Saudi Crown Prince Mohammed bin Salman’s visit to Oman, the first stop in a tour of Gulf states, is expected to build on the talks that Oman’s Sultan Haitham bin Tariq held with King Salman during his visit to the Kingdom in July.
On the agenda are issues of mutual concern and ways to promote the interests of the Kingdom and Oman as well as “fulfill the aspirations and hopes” of their peoples.
The Omani news agency ONA described the visit as a reflection of the “time-honored and historical” ties between the two Gulf countries.
For over half a century, Saudi-Omani relations have been characterized by cooperation, mutual respect and understanding on various regional and international issues.
Likewise, connections at the individual level run deep thanks to bonds of history, shared Arab customs and traditions, and a common Gulf Arab heritage.
The two countries coordinate their actions under the umbrella of the Gulf Cooperation Council in accordance with the bloc’s common visions and strategic goals, with a view to achieving integration between member states in different fields.
A similar cooperative spirit informs their roles at the Arab League, the Organization of Islamic Cooperation, the UN and various other international bodies.
Sultan Haitham’s visit to Saudi Arabia produced promises of cooperation in different fields, notably real estate development, tourism, petrochemicals, manufacturing industries, logistics, information technology and banking systems. Also on the agenda was a project to establish an industrial zone in the Special Economic Zone in Duqm.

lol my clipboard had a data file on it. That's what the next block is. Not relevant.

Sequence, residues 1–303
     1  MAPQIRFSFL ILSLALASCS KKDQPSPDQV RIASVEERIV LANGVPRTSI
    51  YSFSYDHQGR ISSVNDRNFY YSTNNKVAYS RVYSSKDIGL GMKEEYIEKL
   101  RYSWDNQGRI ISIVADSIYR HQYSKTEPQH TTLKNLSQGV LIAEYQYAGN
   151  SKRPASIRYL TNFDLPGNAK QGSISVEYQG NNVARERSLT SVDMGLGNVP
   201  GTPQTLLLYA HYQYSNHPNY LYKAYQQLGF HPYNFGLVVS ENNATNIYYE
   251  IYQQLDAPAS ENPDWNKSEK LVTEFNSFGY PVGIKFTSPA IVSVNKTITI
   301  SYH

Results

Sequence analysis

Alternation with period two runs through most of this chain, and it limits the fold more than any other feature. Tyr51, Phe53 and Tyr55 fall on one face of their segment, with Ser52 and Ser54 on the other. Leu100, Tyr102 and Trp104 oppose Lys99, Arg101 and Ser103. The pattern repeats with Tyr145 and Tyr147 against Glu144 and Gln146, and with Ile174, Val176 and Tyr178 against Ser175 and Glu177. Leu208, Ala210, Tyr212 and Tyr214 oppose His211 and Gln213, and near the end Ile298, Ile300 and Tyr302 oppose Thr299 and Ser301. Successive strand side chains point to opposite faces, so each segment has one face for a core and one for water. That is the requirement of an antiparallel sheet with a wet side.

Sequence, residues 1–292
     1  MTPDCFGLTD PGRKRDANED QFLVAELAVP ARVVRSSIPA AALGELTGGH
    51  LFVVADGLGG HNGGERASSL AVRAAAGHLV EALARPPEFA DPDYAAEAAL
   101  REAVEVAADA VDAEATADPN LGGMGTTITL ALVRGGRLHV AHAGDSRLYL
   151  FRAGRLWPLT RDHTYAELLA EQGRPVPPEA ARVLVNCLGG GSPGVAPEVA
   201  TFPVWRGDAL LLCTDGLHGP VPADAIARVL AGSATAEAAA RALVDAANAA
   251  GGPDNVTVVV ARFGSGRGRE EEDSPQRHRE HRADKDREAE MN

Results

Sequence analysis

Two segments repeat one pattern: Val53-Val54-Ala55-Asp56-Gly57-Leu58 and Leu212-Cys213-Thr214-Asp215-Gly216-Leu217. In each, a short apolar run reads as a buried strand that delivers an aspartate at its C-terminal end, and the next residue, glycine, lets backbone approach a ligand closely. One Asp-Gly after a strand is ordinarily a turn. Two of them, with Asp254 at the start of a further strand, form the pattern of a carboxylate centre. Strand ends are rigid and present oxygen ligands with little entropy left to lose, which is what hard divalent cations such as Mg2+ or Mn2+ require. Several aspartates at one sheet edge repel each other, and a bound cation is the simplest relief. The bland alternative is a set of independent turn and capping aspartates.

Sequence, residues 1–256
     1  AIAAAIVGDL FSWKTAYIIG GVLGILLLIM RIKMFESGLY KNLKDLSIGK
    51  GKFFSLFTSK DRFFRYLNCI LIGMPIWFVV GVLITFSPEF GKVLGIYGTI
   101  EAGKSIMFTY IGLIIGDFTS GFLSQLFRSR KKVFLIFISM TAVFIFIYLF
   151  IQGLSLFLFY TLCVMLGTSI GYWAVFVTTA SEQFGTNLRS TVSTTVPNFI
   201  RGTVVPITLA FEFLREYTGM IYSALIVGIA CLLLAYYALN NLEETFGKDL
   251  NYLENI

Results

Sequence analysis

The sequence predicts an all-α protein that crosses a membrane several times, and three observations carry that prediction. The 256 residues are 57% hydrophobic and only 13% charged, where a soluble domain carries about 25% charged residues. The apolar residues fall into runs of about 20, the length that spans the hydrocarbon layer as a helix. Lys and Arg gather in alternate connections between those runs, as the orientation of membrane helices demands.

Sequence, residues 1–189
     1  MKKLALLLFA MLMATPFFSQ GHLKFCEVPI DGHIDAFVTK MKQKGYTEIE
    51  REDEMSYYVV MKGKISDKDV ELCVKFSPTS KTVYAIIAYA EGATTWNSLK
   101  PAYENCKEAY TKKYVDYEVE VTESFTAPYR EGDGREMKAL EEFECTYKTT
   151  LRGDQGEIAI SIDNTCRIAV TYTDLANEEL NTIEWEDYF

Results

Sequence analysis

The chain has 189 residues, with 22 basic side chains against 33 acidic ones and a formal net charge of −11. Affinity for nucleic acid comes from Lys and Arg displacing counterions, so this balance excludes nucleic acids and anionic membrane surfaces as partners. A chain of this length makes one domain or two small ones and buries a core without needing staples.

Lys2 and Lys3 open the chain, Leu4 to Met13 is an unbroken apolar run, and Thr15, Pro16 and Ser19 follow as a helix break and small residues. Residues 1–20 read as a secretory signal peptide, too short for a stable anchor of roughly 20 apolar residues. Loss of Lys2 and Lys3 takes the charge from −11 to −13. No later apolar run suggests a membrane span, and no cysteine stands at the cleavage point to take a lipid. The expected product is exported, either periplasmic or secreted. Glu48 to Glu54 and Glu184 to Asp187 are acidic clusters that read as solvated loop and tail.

A memorandum establishing a coordination council was signed by the two countries, with the aim of ensuring continued consultation and coordination in matters of common interest in all fields. A separate agreement was signed to boost government and private sector trade and investment as well as cooperation in the fields of environmental and food security.
According to a joint statement, the two sides also agreed to expedite the opening of their border crossings to ease the movement of people and goods to “integrate supply chains in order to achieve the desired economic integration.”
They further welcomed the “effective communication” between ministers of the two countries and directed them to work toward concluding a number of cooperation agreements.
“Saudi Arabia is the largest economy in the Arab world and its leading economic engine, home to a quarter of the world’s petroleum reserves and the largest free market in the Middle East and North Africa region. It’s a key, valued trading partner of Oman,” Sayyid Faisal bin Turki Al-Said, Oman’s ambassador to Saudi Arabia, told Arab News on the eve of Sultan Haitham’s visit.